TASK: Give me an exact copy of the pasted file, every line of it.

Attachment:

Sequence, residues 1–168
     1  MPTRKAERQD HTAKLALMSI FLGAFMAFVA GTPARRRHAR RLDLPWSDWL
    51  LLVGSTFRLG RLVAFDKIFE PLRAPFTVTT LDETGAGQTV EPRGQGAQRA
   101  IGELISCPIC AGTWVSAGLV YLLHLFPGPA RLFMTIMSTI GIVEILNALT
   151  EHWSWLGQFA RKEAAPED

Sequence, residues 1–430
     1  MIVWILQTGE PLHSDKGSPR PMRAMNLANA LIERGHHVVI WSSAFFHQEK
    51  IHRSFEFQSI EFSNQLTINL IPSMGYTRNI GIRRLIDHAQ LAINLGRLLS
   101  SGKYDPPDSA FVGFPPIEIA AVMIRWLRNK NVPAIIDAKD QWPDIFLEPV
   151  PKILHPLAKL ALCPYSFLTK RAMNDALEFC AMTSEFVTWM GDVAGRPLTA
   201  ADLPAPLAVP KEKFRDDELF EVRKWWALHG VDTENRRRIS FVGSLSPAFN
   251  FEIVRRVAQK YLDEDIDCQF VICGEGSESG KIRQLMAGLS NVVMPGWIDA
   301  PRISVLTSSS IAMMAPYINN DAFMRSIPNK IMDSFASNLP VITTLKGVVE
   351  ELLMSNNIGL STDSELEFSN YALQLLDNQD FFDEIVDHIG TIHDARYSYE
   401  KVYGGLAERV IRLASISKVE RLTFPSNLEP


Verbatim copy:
Sequence, residues 1–168
     1  MPTRKAERQD HTAKLALMSI FLGAFMAFVA GTPARRRHAR RLDLPWSDWL
    51  LLVGSTFRLG RLVAFDKIFE PLRAPFTVTT LDETGAGQTV EPRGQGAQRA
   101  IGELISCPIC AGTWVSAGLV YLLHLFPGPA RLFMTIMSTI GIVEILNALT
   151  EHWSWLGQFA RKEAAPED

Sequence, residues 1–430
     1  MIVWILQTGE PLHSDKGSPR PMRAMNLANA LIERGHHVVI WSSAFFHQEK
    51  IHRSFEFQSI EFSNQLTINL IPSMGYTRNI GIRRLIDHAQ LAINLGRLLS
   101  SGKYDPPDSA FVGFPPIEIA AVMIRWLRNK NVPAIIDAKD QWPDIFLEPV
   151  PKILHPLAKL ALCPYSFLTK RAMNDALEFC AMTSEFVTWM GDVAGRPLTA
   201  ADLPAPLAVP KEKFRDDELF EVRKWWALHG VDTENRRRIS FVGSLSPAFN
   251  FEIVRRVAQK YLDEDIDCQF VICGEGSESG KIRQLMAGLS NVVMPGWIDA
   301  PRISVLTSSS IAMMAPYINN DAFMRSIPNK IMDSFASNLP VITTLKGVVE
   351  ELLMSNNIGL STDSELEFSN YALQLLDNQD FFDEIVDHIG TIHDARYSYE
   401  KVYGGLAERV IRLASISKVE RLTFPSNLEP